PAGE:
Two manufacturers of plastic venting systems are pushing for a national fuel gas code in the United States that requires Underwriters Laboratories Inc. certification for use in some natural gas-fired water heaters, furnaces and boilers.
Albany, N.Y.-based Centrotherm Eco Systems LLC, which produces UL-certified polypropylene systems, and Pineville, N.C.-based Ipex USA LLC, which is introducing a UL-certified PVC formula in a couple of months, say venting components installed with high-efficiency appliances should be made from materials qualified for the application for safety reasons.
UL-listed vent pipes and accessories are engineered systems that connect appliances to a chimney or vent and then direct noxious gases produced by the combustion of fuels, namely carbon monoxide, to the outdoors.
However, the UL standard, called UL 1738, isn't well-known even though it has been around since the 1980s. And, since 2009, PP has been the only nonmetallic material capable of meeting it for so-called condensing Category II and IV appliances.
Even so, U.S. codes currently permit unlisted plastic vents to be installed with high-efficiency Category IV gas-fired appliances if installed according to the manufacturer's instructions, James Molloy, vice president of business development for Centrotherm, said in a phone interview. As a result, some installers are using PVC products designed for drain, waste and vent plumbing applications, not heating, he added.
"They do that because the equipment manufacturers approve PVC as a vent system in their lab testing," Molloy said. "The PVC manufacturers don't certify to the venting standard, yet the equipment manufacturers test them to be used as such. With that type of disconnect, there's apt to be problems, and there have been, like carbon monoxide poisoning."
Venting systems made with unlisted materials are susceptible to corrosion, cracking and joint separation, which can release the dangerous silent killer gas into living areas.
For example, PVC designed for plumbing vents is generally intended for applications where operating temperatures won't exceed 149° F. However, Molloy said situations can arise where gas-burning appliances run hotter. He pointed to incidents where a plumber sets a boiler at 180°-200° for it to be used with baseboard heaters in a home; or a water heater isn't maintained and scale buildup results in higher flue gas temperatures; or a furnace air filter gets clogged and restricts the air flow that cools flue gases.
"If the plastic doesn't have a high enough temperature rating, it can start to degrade, soften and melt," Molloy said.
In response, Centrotherm, a division of Brilon, Germany's Centrotec Sustainable AG, developed a PP formula that meets the UL-1738 standard for venting systems of gas-burning appliances. Their system, which is branded as InnoFlue, costs more than PVC but is warranteed for sustained flue gases up to 248° F (120° C).
In January, Ipex USA, part of the Oakville, Ontario-based Ipex Group, will introduce the second plastic system -- and first engineered PVC system -- to meet the standard, Gaetano Altomare, an Ipex product manager, said in a phone interview. Aptly called System 1738, the components are made from a certified compound PVC that is unlike DWV PVC, foam core PVC or foam core ABS. The soon-to-be-released flue gas venting option made the UL list because it can withstand all the test requirements, including temperature spikes up to 219° F, Altomare said. He is joining Molloy in calling for a national code update.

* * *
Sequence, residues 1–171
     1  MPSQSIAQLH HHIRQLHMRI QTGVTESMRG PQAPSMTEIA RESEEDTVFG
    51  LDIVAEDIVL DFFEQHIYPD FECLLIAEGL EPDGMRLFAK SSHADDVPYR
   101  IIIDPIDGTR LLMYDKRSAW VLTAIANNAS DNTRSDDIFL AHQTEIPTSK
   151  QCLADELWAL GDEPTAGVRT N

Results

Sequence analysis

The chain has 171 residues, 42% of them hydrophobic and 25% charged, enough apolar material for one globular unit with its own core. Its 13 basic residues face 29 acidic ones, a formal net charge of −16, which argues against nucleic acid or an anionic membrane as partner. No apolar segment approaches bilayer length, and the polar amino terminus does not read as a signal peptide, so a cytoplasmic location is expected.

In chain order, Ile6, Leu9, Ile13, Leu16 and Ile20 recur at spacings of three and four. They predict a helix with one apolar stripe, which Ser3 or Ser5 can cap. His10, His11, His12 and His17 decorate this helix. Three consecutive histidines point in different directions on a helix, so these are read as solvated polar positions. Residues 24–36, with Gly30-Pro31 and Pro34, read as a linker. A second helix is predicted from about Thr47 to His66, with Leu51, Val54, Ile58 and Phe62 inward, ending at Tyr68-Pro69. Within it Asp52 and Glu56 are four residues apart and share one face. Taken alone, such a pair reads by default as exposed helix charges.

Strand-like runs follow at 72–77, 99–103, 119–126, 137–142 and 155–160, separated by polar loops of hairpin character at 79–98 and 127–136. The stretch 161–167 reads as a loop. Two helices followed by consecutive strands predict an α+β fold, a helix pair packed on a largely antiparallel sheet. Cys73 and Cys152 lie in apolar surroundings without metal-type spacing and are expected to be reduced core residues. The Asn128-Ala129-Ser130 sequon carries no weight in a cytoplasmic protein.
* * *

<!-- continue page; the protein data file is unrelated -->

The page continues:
"There's got to be some level of importance to a subject matter when you've got competing materials uniting for the greater purpose of the industry," Altomare said. "Plastics have been used for decades, however, they have been using plumbing pipe and fittings certified for plumbing standards to vent combustion gases. It's enough of a problem to create a lot of chatter in the industry because of catastrophic failures that have happened."
Altomare wants to redirect the chatter to possible solutions with the System 1738 product launch and a technical session at the International Air-Conditioning, Heating, Refrigerating Exposition, scheduled for Jan. 14-16 in Atlanta.
"As a manufacturer of plastics that spends a lot of dollars on research and development, Ipex was able to engineer a plastic of PVC that's now capable of reaching the requirements of UL-1738 and we're the first ones to do it," Altomare said. "We've been working on it the last four to five years, and we're bringing it to market Jan. 1."
Meeting the UL-1738 standard requires passing more than 40 tests to qualify both the material and the performance of the pipe and fittings as a system. Some of the tests cover how the material and system handle low and elevated temperatures, UV light, joint load, vent sag, punctures, impact and flammability. The certification process also includes approval of detailed installation instructions and special labeling requirements. To ensure quality and compatibility, the standard stipulates that pipe, fittings and joining methods from different manufacturers shouldn't be mixed.
Altomare and Molloy would like the next version of the U.S. fuel gas code to mandate certification to the UL standard and eliminate the use of plumbing products for flue gas applications.
"The code for 2021 is being reviewed now and the two of us have submitted for changes that will get reviewed over the course of the next couple of years," Molloy said.